Sunday, March 26, 2017

Rhubarb and Patience

I have never been a fan of rhubarb.  Stringy and bitter with poisonous leaves.  How did it ever end up on anyone's table?  However, Peter loves it and we grow it in the garden.  Every Sunday during the season I stew a few stalks and he has a spoonful every day for breakfast.  This summer we planted an all-year round variety so now we have twice as much.  I don't like to not eat the food we produce so I did a little investigation.  I can tell you now that rhubarb is a vegetable, not a fruit and if you eat it as dinner rather than pudding it is actually very palatable [=delicious (ed.)].
Start with a simple rhubarb and chard dish. I served this with pork sausages.  If you cook the sausages first in a pan and set aside,  you can cook the chard and rhubarb in the same pan. Add 1 finely chopped shallot to the pan and cook over a medium heat for about 5 minutes. Add a little olive oil if required. Stir in 1 1/2 tsp black mustard seeds and 2 finely chopped garlic cloves. Cook 1 minute. Add 1/2 cup thinly sliced rhubarb and 500g rainbow chard leaves, a handful at a time, with a large pinch of salt. You can thinly slice the chard stalks and add some with the rhubarb, but I don't think you want them all.  I always save the stalks if I don't use them straight away and use them up during the week.  Cook until the greens wilt and become tender, about 10 minutes. Season with more salt and pepper. Serve sausages on top of greens.
What about a chicken tagine with rhubarb?  Start by poaching some rhubarb. Combine 1 1/4 cups water and 1 cup sugar in a medium saucepan. Add vanilla seeds and pod. Bring to a boil over medium heat, stir until sugar dissolves and add 2 cups diced rhubarb. Reduce heat to low and gently simmer rhubarb for 5 minutes, or until it can be easily pierced with the tip of a knife but remains intact. Do not overcook or else rhubarb will fall apart. Strain rhubarb over a bowl. Put the syrup aside to use another day.
Now on to the chicken.  I used bone-in leg quarters - what used to be called a Maryland - but you could use boneless thighs if you are delicate about bones. Season the chicken on both sides with salt and pepper. Heat a large Dutch oven over medium-high heat and add 2 tbsp olive oil. When oil is hot, brown chicken pieces, in batches, on both sides until golden, about 3 to 4 minutes per side. Remove and set aside.
Pour off all but 2 tablespoons of fat from the Dutch oven and add 1 finely chopped onion. Reduce heat to medium and cook, stirring and scraping the bottom of the pan to deglaze, until onion begins to soften, 2 to 3 minutes. Add 1 each of finely chopped carrot and leek. Cook, stirring often, for 3 to 4 minutes until vegetables are tender. Add a clove of crushed garlic and cook, stirring, about a minute. Add 1/2 tsp turmeric and 1 tsp sweet paprika and stir.
Return chicken to Dutch oven and add 1 cup chicken stock, 1 cinnamon stick, 1/2 tsp sugar and salt to taste. Bring to a simmer, then reduce heat, cover and simmer 35 minutes. Add 4-6 pitted green olives then cover and simmer another 15 to 20 minutes, or until chicken is falling off the bones. Stir in 1 to 2 tablespoons  of the rhubarb syrup. Season to taste.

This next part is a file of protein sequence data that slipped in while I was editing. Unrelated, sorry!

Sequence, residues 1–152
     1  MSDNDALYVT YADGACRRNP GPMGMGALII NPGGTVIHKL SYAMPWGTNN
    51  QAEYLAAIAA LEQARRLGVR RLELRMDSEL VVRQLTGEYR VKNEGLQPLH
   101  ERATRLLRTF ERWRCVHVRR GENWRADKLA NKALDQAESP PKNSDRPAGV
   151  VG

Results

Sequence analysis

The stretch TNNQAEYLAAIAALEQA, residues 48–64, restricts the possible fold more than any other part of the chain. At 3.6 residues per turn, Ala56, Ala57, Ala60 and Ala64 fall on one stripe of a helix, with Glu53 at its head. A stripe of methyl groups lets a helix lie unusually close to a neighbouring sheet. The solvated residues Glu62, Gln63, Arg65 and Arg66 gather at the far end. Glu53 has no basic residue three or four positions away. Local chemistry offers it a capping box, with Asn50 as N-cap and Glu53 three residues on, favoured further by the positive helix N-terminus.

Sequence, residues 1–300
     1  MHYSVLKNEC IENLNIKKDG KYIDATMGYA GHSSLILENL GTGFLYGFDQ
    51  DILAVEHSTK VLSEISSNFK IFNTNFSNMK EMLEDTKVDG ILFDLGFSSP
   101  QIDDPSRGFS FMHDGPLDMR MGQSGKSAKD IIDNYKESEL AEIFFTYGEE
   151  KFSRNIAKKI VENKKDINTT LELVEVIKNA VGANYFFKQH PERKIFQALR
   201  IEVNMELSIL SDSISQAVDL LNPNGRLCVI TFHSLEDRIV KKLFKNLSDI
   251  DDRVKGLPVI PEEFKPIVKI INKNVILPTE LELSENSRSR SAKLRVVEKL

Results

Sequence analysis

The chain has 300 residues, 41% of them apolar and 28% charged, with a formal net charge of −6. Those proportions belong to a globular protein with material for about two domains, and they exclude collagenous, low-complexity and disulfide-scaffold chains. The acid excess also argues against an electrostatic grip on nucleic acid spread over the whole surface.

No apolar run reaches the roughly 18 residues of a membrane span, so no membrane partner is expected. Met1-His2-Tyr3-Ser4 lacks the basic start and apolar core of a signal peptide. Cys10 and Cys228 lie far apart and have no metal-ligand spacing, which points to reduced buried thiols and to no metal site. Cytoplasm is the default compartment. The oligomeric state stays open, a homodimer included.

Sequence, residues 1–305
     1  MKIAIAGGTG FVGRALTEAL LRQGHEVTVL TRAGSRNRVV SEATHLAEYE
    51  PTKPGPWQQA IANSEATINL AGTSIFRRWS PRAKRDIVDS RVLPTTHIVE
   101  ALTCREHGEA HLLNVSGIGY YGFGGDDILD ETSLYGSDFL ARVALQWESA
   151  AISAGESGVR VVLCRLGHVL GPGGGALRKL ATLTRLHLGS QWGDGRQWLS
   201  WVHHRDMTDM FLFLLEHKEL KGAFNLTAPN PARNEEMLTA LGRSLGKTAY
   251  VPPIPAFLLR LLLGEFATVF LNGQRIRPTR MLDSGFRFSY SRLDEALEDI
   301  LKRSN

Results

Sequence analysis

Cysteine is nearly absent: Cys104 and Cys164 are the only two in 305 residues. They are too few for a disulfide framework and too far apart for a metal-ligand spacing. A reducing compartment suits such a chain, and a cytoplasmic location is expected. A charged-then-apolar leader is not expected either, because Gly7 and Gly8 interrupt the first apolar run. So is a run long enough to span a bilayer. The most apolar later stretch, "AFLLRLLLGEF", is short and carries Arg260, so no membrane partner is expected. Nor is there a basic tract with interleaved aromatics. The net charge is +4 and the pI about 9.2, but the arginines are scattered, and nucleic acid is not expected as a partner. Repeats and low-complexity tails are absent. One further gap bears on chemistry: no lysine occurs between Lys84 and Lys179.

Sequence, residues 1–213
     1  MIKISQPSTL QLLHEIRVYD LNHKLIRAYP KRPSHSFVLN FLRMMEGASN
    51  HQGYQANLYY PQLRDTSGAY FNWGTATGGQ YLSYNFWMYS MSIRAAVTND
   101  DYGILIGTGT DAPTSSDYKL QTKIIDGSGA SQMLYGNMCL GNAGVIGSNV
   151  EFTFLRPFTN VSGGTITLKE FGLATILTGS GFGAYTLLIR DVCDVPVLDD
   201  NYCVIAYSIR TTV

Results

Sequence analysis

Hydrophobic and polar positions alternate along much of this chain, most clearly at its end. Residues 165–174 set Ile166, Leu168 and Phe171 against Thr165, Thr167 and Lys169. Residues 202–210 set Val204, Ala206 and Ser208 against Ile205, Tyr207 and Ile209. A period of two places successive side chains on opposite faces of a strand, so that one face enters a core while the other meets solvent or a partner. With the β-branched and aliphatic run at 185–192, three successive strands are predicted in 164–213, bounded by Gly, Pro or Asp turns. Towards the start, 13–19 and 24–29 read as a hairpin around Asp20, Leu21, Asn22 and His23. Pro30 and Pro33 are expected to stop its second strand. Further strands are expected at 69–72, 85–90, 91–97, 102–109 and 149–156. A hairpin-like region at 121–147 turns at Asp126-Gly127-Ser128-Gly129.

Before serving, stir in parsley and 1 cup of the poached rhubarb and heat through over low heat.  Serve with rice or couscous.
You can make a delicate jelly with the leftover poaching liquid.  You need 4 leaves of gelatin for 2 1/4 cups of liquid.  Soften the gelatin in a bowl of cold water.  Make the rhubarb syrup up to the 2 1/4 cups by topping up with soda or prosecco.  Add a tsp of lemon juice.  Bring the liquid to the boil and take off the heat.  Squeeze out the gelatin leaves and stir into the hot liquid.  Pour into a dish and refrigerate to set.  I had made mine too late in the day and it was not quite firm enough so I just spooned into a glass with lemon jelly and lemon sorbet.  If you are prepared, your jelly will have set so that you can cut it into cubes and decoratively arrange on a plate.
Now that I am on a bit of a rhubarb roll, I made another rhubarby pudding.
First I made a rhubarb spoom.  Yes that is a thing. Cut about 4 stalks of rhubarb into 2 cm lengths and put in a saucepan with 1/2 cup water and 1/2 cup sugar (or less according to your taste).  Heat gently until the sugar is dissolved, bring to the boil and simmer covered until the rhubarb is tender about 5 minutes.  Cool and puree until very smooth then chill completely.  Stir in 1 tbsp rosewater. Beat two egg whites until they form soft peaks.  Add 2 tbsp sugar and beat until you have stiff peaks.  Now this is the magic.  Fold the egg white into the puree making sure they are completely mixed.  Transfer to a freezer-proof container and freeze for four hours.  You now have a smooth creamy mixture that contains no fat and has not required churning.
Finally, I roasted some rhubarb. Cut about 8 stalks of  rhubarb into 6 cm pieces and place in a medium bowl. Finely grate the zest of half an orange over the rhubarb and then squeeze the juice of the whole orange into the bowl. Split 2 vanilla beans and scrape out the seeds and place both in the bowl. Add 2 tbsp liquid honey and stir to combine. Pour the rhubarb into a baking dish and arrange the pieces so that they lie flat. Bake at 175 for 15 to 20 minutes. Remove the vanilla pods. Serve the rhubarb and the spoom with the syllabub from October 2014.

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